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Reading these BackgroundWorker vs. ThreadPool vs. Thread tips, I decided to go with BackgroundWorker.

I know how to create such a thread by dragging-and-dropping its component from the Toolbox into my form, but since I need multiple such threads (a finite number between 10-20), I am not sure what the correct way to approach this is:

  • Drag and drop 10-20 of them, creating placeholders for them in code, but only start those that need to run, depending on application needs (in different scenarios I could run as little as 1-2 our of those 10-20 threads).

or

I prefer the drag-and-drop approach but I am not experienced in BackgroundWorker and I am not sure what the tradeoffs could be.

Any tips from experienced BackgroundWorker programmers?

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4  
Did you consider Tasks too (.NET 4)? –  Matthias Meid Oct 24 '12 at 16:28
2  
It would help to know what the workers will do. –  Jim Counts Oct 24 '12 at 16:33
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@ateiob Are each of them caused by different user actions, or are you pressing one button and then starting them all? –  Servy Oct 24 '12 at 16:36
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@ateiob If you're polling then they should indeed be Timers, and you are correct to worry about whether or not they run in the background. There are several timers to choose from. If you use the Windows.Forms.Timer then the Tick event runs in the UI thread; you need to either use asynchronous IO methods, use the async keyword (if you have .NET 4.5, which would be the best option) or do something else to move to a background thread. Or you could just use any of the other timers, as their events won't be triggered in the UI thread. –  Servy Oct 24 '12 at 16:43
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@ateiob Well, if you set CheckForIllegalCrossThreadCalls to false then no, it won't always throw an exception, it just might throw an exception or not work in some subtle way. One easy way to check is to just sleep for like 5 seconds; if the form freezes you're in the UI thread, if not you aren't. If you're not (and you shouldn't be) then you'll need to be able to marshal back to the UI thread to update controls with the results, when ready. Use Control.Invoke to do that. –  Servy Oct 24 '12 at 16:56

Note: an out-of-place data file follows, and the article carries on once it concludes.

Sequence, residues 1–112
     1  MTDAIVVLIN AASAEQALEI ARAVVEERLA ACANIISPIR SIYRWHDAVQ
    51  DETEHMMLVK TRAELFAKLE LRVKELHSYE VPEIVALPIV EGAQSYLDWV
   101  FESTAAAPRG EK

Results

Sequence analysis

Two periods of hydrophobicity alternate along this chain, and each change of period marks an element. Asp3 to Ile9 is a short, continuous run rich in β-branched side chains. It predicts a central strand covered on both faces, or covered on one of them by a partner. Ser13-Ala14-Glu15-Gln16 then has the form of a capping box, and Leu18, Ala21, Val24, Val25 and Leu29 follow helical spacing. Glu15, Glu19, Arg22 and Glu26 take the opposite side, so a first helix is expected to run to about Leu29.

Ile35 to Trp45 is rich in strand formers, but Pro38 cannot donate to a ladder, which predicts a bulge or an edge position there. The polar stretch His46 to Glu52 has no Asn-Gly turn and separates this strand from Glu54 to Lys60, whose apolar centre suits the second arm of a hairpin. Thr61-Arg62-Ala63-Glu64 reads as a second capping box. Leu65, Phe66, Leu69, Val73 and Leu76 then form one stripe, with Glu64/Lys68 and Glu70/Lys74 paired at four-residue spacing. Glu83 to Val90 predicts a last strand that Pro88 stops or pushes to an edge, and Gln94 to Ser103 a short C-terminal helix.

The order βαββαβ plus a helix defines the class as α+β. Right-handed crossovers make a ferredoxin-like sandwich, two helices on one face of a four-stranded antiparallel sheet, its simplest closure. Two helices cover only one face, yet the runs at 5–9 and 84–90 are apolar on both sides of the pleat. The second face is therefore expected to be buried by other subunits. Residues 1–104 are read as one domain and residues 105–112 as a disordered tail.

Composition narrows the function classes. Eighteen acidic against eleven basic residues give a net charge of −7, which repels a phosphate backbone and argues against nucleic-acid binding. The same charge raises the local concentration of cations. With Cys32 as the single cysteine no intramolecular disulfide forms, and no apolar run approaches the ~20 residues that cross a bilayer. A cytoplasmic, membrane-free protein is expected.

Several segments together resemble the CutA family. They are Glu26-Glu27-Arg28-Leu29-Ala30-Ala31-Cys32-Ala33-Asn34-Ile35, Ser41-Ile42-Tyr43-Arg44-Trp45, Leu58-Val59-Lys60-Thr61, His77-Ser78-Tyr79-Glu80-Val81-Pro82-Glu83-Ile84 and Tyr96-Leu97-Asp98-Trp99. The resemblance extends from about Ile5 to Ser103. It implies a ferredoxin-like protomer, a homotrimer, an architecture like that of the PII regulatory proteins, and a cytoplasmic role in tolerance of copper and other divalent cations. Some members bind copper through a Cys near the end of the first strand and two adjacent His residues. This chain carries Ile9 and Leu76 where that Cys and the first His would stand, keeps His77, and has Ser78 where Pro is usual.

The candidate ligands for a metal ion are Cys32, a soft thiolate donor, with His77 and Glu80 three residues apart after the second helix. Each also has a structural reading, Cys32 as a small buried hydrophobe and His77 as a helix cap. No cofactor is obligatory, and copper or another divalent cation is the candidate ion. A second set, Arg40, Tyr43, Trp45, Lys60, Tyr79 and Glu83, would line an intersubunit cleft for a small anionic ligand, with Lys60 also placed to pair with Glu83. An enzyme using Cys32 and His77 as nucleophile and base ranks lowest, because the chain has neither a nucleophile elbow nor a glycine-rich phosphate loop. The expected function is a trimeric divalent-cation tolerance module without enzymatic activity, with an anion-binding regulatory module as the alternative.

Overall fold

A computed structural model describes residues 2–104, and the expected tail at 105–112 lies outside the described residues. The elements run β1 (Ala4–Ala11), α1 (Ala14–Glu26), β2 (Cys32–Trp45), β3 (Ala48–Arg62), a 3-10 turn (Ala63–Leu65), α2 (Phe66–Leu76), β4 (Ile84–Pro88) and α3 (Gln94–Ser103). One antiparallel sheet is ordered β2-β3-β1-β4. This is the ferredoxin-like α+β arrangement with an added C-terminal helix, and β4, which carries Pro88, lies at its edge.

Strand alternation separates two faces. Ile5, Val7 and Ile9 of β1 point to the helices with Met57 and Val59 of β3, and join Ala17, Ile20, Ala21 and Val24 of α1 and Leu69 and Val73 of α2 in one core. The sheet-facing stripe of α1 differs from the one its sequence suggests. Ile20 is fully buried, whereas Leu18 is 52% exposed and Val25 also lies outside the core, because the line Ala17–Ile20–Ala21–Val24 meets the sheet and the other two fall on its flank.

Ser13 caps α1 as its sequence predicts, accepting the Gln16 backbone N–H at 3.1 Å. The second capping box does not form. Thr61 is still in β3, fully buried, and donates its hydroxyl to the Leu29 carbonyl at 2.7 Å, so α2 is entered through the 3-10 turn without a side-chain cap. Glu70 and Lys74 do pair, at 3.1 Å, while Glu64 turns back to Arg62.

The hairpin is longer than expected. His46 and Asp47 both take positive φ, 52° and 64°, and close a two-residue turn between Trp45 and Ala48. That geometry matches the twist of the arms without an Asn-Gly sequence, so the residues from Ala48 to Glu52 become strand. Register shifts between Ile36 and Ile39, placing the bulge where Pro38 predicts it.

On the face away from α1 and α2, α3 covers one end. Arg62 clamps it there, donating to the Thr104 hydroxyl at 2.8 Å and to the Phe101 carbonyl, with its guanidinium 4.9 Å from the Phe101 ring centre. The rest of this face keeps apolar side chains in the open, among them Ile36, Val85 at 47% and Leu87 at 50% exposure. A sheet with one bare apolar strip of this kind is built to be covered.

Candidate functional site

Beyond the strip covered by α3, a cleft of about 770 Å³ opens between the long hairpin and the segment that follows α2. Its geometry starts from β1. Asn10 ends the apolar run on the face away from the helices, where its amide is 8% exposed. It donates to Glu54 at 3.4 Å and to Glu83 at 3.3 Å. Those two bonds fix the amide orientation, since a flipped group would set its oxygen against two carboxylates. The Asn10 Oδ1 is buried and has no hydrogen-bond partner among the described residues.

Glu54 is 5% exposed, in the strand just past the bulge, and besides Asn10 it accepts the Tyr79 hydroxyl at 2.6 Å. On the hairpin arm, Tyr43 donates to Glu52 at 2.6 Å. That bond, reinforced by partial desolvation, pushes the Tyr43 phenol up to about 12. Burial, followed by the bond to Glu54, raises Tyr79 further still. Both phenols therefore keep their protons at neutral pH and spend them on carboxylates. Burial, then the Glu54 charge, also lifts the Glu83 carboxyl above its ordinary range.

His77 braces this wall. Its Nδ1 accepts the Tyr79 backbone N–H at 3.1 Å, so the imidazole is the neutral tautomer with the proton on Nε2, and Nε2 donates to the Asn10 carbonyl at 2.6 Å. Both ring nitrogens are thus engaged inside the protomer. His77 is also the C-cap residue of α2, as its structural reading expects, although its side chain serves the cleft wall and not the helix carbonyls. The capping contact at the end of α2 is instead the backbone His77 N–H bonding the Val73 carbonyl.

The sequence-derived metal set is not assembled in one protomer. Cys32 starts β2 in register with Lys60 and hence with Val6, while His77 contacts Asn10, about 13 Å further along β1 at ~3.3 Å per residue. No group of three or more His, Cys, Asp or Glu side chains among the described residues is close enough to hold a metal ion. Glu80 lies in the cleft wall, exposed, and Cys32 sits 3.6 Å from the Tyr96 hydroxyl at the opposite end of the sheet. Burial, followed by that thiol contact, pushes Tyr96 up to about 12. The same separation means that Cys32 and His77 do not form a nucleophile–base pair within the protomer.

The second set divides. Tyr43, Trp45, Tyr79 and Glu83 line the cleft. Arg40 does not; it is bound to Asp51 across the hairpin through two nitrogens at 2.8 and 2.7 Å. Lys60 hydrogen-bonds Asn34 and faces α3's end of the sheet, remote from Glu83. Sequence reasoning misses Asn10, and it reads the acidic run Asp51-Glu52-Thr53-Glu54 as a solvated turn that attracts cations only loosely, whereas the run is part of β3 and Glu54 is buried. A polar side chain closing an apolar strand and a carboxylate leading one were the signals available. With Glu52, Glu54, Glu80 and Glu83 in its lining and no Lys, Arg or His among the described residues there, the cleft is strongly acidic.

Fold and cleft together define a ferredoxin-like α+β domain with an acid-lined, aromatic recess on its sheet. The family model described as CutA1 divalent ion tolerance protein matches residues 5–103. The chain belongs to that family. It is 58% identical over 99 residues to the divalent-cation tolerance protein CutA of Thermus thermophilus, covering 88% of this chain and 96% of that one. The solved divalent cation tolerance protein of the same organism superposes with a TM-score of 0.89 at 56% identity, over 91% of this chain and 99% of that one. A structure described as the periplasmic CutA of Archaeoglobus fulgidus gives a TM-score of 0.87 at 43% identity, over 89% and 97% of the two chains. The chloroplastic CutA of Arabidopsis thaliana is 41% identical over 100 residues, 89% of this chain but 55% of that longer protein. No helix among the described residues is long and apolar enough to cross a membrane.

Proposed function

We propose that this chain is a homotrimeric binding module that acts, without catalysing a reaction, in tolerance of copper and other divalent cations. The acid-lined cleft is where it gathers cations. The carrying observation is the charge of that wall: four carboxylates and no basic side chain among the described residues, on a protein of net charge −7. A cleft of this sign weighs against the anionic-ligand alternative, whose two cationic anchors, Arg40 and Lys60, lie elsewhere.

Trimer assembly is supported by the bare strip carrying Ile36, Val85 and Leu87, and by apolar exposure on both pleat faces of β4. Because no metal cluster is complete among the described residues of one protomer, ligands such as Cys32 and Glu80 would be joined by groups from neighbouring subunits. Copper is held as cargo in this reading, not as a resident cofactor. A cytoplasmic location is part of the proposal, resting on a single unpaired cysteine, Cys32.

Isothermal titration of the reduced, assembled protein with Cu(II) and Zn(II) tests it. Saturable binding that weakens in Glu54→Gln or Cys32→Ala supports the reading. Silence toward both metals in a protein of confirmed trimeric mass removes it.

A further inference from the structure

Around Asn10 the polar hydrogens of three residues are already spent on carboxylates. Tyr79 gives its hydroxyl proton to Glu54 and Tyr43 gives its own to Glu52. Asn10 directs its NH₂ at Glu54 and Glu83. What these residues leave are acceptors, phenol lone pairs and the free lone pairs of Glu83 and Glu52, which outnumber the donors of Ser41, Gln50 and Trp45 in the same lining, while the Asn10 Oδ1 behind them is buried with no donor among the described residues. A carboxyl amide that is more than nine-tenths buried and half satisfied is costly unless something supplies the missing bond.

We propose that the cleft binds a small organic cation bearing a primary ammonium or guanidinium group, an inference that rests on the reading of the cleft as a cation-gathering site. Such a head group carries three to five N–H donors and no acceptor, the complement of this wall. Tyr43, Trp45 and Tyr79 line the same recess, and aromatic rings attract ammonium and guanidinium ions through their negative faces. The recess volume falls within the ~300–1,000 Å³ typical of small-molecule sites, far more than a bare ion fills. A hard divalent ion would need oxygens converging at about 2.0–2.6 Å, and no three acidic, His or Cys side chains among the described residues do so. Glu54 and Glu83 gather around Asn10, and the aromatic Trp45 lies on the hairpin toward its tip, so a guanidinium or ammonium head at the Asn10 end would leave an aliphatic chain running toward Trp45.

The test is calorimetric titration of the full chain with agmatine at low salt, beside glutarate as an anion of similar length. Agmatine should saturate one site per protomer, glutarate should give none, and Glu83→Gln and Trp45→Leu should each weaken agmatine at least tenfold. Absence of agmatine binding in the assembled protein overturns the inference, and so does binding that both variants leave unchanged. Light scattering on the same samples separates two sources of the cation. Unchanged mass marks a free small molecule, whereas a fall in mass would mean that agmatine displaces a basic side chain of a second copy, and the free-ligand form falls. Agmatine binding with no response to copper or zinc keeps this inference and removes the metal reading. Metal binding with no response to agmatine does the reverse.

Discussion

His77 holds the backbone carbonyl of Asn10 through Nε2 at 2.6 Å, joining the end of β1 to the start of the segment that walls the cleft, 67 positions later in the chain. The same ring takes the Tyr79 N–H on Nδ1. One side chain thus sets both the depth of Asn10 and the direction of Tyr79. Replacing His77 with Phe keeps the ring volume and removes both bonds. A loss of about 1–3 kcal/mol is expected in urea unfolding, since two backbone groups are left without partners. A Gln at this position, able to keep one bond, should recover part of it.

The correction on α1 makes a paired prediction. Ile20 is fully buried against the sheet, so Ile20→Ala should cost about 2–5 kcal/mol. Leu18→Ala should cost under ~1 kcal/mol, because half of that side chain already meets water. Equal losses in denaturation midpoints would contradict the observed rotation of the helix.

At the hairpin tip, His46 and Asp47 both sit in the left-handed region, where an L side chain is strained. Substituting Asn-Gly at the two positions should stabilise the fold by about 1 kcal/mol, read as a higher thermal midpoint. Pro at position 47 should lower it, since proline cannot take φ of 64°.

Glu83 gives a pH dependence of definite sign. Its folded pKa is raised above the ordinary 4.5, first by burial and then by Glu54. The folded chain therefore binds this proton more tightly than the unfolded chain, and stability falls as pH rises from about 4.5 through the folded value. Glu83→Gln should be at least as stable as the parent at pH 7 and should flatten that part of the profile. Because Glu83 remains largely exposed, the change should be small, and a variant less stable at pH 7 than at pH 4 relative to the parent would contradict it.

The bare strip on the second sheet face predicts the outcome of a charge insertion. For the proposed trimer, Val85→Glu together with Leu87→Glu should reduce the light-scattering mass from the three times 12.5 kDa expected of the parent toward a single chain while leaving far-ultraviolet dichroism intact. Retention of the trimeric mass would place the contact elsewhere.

1 Answer 1

up vote 1 down vote accepted

You can create an array that holds them. For each you add a handler. When done, go through the array to dispose them. For example (sorry, this is translated from VB code, I'm no expert at C# so please regard as pseudo code at worst):

//globally
List<BackgroundWorker> workers = new List<BackgroundWorker>();

//within a sub/function
int numberOfWorkersNeeded = 10;
for (i = 0; i < numberOfWorkersNeeded; i++) {
    BackgroundWorker bg = new BackgroundWorker();
    bg.DoWork += new DoWorkEventHandler(MyWorkHandler);
    bg.RunWorkerCompleted += new RunWorkerCompletedEventHandler(MyWorkFinishedHandler);
    workers.Add(bg);
}

To remove (they are re-usable, so this is for when exiting or when you don't need workers anymore):

for (i = 0; i < workers.Count; i++) {
    if (!bg.IsBusy) {
        //remove handlers
        workers(i).Dispose();
    }
}

Trade-offs are as @ateiop stated, you need to create (and remove) the event handlers manually.

For BackgroundWorker you have two main events, DoWork and RunWorkerCompleted. In addition if you want to report progress you need to enable reporting (bg.WorkerReportsProgress = true;) and add handler for that as well (ProgressChanged).

In any case, you also need to handle workers that hasn't finished.

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4  
Odd mix of C# and VB here.... –  Servy Oct 24 '12 at 16:35
    
sorry, translated from vb. –  0x2bad 0xdeadbeef Oct 24 '12 at 16:36
    
+1 for an actual code sample to create BackgroundWorkers programmatically. This may as well be the accepted answer (unless something better comes along), but what I like about the drag-and-drop approach is that you can define/access all its event handlers with a double-click. Here, I am never sure if I missed anything? –  ateiob Oct 24 '12 at 16:44
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@AbdiasSoftware Was wondering if you were going to change it from 1 indexed to 0 indexed for loops ;) - I also find it odd that you declare i outside of the for loops, it's...unusual. –  Servy Oct 24 '12 at 16:46
2  
Ok, give me a hard time. I did provide an example. I think it's good enough to get OP going, agree? :-) –  0x2bad 0xdeadbeef Oct 24 '12 at 16:49

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